How to Make Your Own Indie Game on Your Chromebook for Free with Godot – Chrome Unboxed | Hot Mobile Press

As an independent game developer, I’m always looking for ways to maximize my use of Chromebooks for design and execution beyond basic productivity habits. Until recently, I mainly used my Pixel Slate, Lenovo Chromebook Duet, and other devices to sketch, jot down, and record my ideas before heading to my Windows 11 PC to dive into Unreal Engine and bring them to life in 3D Modeling, programming and more.

For those of you interested in getting into game development who only own a Chromebook, I’m starting a series of posts that will show you how to use various software and web applications to get started in the world of indie game development . These will mainly teach you what options are available to you and how to make them work. I’ll include links to YouTube playlists for learning where appropriate, but you’ll largely start your journey on your own after the initial setup.

Today I’m going to show you how to create 2D and 3D games for free using the so-called Godot Engine. Godot (pronounced gud-OH, not GO-DOT!) is said to be open source, meaning it uses a special license where anyone can contribute to building and maintaining the engine and benefit equally, with no more benefit to any company or individual. It also means you never pay a fee to use or distribute your Godot-made games, making it truly free and open! Below is an example of the engine in action, but the examples of what can be created are limitless.

Source: Internet Archive

Lots of incredible games have been made with Godot and you can check out the showcase if you’re interested in getting a better idea. Also, I’m including this video below to show off a sizzling roll of titles recently made with the engine. It’s not quite as popular as Unreal Engine or Unity, but it’s quickly gaining ground, becoming the preferred development environment for beginners, budget-conscious developers, and even those with limited hardware specs (like a Chromebook!). these types of people, but it is more common in these places and for these types of users.

Okay, now that you’re excited about the possibilities and probably have a ton of great ideas you want to bring to life, let’s get started with the Godot installation process. Yes, you probably already guessed that this isn’t available as a Google Play Store app or website. We will enable the Linux container on your Chromebook. Don’t worry, it’s actually not that scary, and we’ve even created a step-by-step guide for you to follow before continuing below!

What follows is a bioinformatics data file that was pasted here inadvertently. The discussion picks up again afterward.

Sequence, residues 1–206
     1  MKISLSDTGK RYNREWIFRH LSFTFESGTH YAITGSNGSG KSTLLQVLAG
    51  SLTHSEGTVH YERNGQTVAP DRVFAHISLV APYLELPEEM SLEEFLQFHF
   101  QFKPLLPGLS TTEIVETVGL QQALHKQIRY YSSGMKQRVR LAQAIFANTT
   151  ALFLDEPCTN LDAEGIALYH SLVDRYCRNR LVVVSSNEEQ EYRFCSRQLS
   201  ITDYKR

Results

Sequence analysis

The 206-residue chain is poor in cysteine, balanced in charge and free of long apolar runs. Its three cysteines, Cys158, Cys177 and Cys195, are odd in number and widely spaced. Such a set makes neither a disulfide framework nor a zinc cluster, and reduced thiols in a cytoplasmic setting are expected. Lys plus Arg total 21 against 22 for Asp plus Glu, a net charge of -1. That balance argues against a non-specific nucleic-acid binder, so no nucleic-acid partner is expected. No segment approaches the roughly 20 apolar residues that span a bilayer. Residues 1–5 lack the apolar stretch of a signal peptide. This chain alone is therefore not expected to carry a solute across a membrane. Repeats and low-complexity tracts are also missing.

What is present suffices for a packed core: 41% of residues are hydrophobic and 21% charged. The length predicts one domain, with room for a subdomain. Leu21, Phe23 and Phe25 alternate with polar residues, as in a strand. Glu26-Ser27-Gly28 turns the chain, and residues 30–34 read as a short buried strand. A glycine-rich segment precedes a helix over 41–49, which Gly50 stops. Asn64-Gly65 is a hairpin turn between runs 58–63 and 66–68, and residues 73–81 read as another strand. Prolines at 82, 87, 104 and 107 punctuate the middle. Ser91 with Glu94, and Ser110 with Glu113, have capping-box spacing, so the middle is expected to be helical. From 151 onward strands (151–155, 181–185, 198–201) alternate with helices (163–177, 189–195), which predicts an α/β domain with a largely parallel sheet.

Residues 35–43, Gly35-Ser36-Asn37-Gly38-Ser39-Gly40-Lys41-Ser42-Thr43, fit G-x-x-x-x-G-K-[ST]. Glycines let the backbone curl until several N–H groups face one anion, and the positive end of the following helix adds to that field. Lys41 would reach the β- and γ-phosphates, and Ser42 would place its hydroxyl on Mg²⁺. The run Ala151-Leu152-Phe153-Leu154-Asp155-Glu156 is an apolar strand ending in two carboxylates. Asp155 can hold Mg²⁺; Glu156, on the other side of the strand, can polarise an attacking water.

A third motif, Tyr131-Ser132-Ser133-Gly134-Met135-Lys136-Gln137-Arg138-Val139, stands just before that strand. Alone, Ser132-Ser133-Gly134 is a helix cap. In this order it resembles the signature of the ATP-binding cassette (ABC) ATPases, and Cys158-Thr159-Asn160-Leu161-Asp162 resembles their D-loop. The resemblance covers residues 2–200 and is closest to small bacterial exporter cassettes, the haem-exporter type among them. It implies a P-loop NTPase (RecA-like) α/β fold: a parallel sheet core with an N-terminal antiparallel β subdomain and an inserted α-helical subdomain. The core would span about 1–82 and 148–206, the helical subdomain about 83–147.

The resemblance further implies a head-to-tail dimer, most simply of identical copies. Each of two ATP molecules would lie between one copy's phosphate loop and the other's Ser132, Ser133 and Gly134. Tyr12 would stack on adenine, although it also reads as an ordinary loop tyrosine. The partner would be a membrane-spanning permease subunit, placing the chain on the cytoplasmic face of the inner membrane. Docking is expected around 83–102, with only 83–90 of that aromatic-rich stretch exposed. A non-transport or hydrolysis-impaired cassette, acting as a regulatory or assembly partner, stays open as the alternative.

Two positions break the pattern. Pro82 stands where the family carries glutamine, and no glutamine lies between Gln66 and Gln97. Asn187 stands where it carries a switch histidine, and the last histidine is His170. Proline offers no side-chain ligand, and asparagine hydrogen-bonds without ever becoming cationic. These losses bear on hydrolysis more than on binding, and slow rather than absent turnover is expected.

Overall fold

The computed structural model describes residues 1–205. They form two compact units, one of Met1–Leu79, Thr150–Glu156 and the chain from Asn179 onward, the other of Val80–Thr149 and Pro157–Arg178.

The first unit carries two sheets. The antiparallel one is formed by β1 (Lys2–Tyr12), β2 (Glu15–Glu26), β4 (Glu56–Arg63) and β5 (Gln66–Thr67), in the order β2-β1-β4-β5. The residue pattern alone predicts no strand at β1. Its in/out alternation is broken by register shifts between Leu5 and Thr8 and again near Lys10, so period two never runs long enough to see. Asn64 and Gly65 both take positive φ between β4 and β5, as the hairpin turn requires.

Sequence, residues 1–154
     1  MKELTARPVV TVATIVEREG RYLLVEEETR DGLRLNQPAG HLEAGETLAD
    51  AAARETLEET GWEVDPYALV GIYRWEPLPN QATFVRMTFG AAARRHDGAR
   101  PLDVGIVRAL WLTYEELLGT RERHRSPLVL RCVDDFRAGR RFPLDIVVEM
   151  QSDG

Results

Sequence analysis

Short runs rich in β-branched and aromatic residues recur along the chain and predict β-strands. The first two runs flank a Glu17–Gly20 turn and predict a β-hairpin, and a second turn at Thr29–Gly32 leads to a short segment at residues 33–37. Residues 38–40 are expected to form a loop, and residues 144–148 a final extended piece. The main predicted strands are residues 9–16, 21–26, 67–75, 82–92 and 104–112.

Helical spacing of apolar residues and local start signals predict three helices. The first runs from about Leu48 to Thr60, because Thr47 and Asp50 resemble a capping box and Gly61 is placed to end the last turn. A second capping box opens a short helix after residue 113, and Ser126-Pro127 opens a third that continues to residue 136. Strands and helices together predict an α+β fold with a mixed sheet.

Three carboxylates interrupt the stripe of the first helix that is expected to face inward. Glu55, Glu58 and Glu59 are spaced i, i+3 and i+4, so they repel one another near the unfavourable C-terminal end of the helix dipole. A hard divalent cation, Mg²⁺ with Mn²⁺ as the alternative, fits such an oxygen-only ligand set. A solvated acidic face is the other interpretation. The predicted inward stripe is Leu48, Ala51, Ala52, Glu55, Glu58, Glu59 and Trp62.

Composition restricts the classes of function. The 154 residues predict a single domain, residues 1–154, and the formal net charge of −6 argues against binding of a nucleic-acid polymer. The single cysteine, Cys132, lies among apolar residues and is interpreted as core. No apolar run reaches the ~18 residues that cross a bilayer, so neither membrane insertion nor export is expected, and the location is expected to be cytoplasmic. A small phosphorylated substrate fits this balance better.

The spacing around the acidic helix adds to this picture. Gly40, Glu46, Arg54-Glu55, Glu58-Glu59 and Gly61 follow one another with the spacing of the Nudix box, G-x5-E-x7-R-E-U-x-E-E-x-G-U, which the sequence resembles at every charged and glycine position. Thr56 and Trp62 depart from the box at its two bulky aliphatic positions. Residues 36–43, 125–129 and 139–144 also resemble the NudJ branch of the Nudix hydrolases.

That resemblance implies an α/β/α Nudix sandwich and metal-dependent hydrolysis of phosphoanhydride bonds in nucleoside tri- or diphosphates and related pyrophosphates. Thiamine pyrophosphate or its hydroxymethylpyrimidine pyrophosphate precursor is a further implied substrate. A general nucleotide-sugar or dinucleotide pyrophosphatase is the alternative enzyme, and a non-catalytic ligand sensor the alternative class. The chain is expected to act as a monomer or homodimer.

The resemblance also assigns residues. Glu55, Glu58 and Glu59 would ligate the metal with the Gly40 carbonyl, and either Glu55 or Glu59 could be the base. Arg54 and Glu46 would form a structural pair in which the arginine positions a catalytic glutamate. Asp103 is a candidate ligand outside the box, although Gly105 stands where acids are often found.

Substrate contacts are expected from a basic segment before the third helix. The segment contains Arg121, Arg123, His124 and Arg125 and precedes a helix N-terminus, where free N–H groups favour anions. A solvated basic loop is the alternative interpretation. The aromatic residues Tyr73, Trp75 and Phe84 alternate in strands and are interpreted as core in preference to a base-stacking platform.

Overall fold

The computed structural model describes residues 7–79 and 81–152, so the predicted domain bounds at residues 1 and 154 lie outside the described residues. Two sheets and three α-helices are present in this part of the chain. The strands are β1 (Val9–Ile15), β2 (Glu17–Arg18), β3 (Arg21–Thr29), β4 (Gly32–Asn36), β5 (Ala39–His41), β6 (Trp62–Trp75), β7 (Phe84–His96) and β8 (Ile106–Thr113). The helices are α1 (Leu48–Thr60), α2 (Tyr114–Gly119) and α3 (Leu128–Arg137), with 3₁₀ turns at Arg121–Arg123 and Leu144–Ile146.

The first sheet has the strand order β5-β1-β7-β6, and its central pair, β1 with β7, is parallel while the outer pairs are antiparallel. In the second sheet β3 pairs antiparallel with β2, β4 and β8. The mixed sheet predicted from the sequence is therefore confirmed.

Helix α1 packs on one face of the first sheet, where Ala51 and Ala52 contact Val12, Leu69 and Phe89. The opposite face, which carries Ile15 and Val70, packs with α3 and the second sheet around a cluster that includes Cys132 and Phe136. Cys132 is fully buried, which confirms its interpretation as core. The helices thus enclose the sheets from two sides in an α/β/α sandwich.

The gist of this, however, is that you go to your device’s Settings app, go to the Developer section, and enable Linux. After a brief setup prompt, you’ll have access to the “Terminal” where you can enter a few commands in white text on a black screen. All you have to do is type the following commands one by one to update your Linux installation, install something called Menu Libre, install Godot itself, unzip it and run it as software.

I just want the steps!

1. Activate Linux on your Chromebook using our step-by-step guide
2. Open the Linux terminal
3. sudo apt update
4. sudo apt install libnss3 menulibre

5. wget
6. Unzip
7. ./Godot_v3.4.4-stable_x11.64 (Do not forget the dot before the slash, otherwise the engine will not start!)
8. menu libre

Fantastic! Now that you’ve got the Godot engine up and running, it probably looks a bit scary, doesn’t it? It may remind you of standing on the shore at midnight and gazing into the dark depths of the ocean. Okay, it’s probably not that bad (that’s pretty scary, give it a try!), but without a guide, it’s overwhelming. That’s why I won’t let you down, remember?

As promised, you can follow the tutorial below to get started with your first game in Godot. It’s an awesome step-by-step guide from GDQuest on how to create a Mario-inspired 2D platform game. If you are interested in making a 3D game, just type “godot tutorial for beginner 3d game development” or a combination of these keywords in the YouTube search bar. There are multiple parts and entire playlists to follow if you’re interested, and an extremely friendly community to answer any questions you might have if you get stuck. Let me know if you give this one a Godot or if you stick with something like Construct 3 instead. What, you didn’t think I’d write anything without using a pun, did you? Have fun developing!

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